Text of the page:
Board Editorial: A letter to the bomb-threat sender

To the person who sent the bomb threat:
In officially declaring your April 1 threat on Hunter Conservatory a hoax, Dean of Students Chuck Cleveland called it terribly inappropriate.   He couldn’t have been more right.   While we can speculate what your motivations might have been: perhaps you were bored and thought it would be funny or maybe you had a personal vendetta against Hunter, or the administration: such speculations are irrelevant.   The threat was made, the day has safely passed. While many Whitties, and perhaps even you, think that the threat was a silly, harmless prank, we assure you that it was not.   Here is a list of things you probably didn’t realize before you pushed send on that e-mail:

1. It would be a huge waste of police resources.   Five police cars, one fire truck and all available personnel were redirected to Hunter at 6:30 p.m. on April 1 to cordon off the area and deal with any potential disasters.   The police were forced to leave the site of a 13-year-olds’ suicide to come deal with your prank, because Whitman is the largest residence in Walla Walla and so takes precedence over other emergency calls.   That tragedy was marginalized because of you.

2. It would disrupt events and classes.   Aside from the headache of evacuating all classes, faculty and personnel from the building, there were other planned events to occur in Kimball that had to be cancelled. English professor Jean Carwile-Masteller was due to give a presentation on the poetry of Emily Dickinson to fellow faculty members at noon. She spent much of the two-week Spring Break planning her presentation and eagerly anticipating the chance to share her work, and had risen at 6:30 a.m. on the scheduled day to make sure everything was in order. After being informed of the threat, another suitable venue could not be found in time due to special features of her presentation: a PowerPoint presentation, a Grand Piano, four musicians, and other technology. Carwile-Masteller, who has been battling breast cancer since before the beginning of the academic year, said that many of her colleagues and friends were instantly worried when they learned the forum had been cancelled, assuming that a health emergency or setback may have been the cause. She now faces the daunting task of trying to reorganize her presentation.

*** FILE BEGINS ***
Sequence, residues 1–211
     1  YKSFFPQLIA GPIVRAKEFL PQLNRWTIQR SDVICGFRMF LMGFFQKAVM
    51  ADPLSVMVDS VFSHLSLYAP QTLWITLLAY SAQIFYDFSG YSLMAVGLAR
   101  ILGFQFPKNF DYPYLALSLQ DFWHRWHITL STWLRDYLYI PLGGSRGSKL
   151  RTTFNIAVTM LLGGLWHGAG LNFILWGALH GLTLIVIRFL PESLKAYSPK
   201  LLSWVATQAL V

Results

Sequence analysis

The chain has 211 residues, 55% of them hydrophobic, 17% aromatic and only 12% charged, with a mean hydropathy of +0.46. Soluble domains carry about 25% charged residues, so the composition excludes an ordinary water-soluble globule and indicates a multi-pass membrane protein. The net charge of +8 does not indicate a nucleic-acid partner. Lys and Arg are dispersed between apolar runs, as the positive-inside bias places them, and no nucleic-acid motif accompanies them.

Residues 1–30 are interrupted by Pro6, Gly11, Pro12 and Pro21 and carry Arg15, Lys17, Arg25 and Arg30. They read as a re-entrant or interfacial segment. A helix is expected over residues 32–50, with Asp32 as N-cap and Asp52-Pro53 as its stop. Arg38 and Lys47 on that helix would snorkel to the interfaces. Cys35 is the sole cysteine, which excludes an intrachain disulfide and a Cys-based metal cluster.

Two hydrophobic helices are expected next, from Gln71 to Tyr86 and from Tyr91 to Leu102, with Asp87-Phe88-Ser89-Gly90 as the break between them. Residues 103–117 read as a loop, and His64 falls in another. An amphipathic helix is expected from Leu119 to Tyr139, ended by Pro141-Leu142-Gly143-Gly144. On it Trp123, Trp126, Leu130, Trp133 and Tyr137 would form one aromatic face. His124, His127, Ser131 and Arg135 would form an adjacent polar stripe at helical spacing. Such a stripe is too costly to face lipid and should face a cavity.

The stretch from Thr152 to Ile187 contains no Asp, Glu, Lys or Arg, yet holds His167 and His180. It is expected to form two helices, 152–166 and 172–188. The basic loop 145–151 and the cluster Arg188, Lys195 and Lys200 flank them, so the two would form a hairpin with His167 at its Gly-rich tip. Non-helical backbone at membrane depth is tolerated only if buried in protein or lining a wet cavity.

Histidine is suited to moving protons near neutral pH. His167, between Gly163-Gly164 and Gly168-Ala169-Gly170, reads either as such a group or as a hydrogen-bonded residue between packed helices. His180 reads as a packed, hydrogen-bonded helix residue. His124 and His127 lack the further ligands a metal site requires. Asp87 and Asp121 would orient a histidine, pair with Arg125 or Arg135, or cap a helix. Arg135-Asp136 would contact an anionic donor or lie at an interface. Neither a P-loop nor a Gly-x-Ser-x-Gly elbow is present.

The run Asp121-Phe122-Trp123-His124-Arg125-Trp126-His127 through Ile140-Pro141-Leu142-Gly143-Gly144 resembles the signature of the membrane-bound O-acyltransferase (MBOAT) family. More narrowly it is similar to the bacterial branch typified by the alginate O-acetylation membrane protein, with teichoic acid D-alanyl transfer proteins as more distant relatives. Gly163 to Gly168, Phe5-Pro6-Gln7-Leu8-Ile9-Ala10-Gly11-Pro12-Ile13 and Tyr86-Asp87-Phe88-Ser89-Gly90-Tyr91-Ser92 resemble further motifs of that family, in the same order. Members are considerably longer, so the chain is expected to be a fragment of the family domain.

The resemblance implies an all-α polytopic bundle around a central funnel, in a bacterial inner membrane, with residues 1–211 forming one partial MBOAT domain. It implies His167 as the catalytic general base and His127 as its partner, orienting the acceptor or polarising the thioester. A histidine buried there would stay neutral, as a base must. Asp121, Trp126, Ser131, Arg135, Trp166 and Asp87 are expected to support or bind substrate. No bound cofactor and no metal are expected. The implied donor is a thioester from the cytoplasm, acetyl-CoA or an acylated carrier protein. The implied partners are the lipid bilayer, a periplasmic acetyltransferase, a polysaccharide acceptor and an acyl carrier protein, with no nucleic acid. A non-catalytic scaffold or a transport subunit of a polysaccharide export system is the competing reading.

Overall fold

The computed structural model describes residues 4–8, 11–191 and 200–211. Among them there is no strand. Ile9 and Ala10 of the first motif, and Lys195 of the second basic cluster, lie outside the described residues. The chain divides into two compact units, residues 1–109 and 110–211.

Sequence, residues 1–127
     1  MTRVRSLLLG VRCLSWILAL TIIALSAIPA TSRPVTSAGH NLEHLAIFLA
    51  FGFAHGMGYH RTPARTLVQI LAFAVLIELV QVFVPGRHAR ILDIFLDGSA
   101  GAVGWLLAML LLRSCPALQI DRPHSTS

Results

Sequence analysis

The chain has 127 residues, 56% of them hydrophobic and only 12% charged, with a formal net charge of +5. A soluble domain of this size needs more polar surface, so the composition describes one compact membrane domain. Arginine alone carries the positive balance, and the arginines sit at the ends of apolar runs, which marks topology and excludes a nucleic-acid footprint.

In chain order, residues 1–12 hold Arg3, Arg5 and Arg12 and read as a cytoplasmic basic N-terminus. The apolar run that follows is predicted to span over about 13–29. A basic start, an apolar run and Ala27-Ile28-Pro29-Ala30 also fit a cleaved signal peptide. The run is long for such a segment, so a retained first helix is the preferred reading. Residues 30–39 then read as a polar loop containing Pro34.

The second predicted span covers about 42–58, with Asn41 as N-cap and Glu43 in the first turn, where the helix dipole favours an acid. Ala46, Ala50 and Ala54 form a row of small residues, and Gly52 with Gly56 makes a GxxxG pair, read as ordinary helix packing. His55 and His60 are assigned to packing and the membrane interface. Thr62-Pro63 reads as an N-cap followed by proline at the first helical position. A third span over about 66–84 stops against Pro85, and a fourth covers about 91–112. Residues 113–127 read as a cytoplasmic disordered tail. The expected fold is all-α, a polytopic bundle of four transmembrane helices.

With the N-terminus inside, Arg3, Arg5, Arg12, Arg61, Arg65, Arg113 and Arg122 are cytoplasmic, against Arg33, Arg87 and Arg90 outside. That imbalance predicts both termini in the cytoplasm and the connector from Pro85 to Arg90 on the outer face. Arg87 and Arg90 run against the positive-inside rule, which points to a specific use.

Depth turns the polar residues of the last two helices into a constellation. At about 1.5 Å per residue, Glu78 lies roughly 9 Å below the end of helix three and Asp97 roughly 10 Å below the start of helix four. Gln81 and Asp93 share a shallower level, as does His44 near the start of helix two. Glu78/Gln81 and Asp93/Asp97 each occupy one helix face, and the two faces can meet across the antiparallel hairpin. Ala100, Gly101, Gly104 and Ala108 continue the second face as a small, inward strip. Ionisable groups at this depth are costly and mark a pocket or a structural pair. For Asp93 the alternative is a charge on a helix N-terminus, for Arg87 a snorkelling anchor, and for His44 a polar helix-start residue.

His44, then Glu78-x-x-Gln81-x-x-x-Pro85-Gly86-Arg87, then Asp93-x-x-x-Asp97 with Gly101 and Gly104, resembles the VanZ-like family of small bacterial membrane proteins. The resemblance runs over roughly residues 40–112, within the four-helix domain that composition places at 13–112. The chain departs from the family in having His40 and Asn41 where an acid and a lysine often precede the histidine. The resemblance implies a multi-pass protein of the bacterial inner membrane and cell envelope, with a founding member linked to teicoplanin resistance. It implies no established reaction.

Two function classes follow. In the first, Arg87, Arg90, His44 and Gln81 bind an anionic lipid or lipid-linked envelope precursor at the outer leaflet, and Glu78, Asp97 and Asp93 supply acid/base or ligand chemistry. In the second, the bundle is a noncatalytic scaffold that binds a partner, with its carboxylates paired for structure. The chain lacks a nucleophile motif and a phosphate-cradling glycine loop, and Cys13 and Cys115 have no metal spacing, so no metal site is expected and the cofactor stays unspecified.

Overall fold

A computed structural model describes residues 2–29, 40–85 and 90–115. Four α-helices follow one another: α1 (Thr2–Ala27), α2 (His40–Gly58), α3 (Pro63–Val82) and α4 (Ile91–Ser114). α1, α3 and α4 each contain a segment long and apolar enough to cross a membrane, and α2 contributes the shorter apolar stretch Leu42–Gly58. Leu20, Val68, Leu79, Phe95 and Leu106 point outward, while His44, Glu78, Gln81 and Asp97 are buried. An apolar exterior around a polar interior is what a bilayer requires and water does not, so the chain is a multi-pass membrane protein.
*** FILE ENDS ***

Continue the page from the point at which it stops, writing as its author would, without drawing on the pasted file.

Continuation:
3. It would make the entire community uneasy.     Bomb threats have never been excusable, but especially in a post 9/11 world, it has become even clearer that threats like these cannot be taken lightly. In a recent poll conducted by The Pioneer, not one of the 100 Whitman community members who responded said that they considered the threat funny, and several said it scared them, despite your ‘April Fool’s Day’ reference.   On a campus that has already experienced serious security setbacks: including assaults and thefts: your threat has only further violated the Whitman community’s sense of security.

Your prank incited only the annoyance and fear of the campus population, not its laughter.
A week has passed, and this incident may already be dimming in the memories of some students or community members: as it probably has in yours. But for the people whose lives you affected on a personal level, it hasn’t. If you are capable of recognizing the errors in your judgment, you should come forward and apologize to the Whitman community.     More importantly, you should apologize to the individuals whose time, senses of security, and personal crises your prank undermined.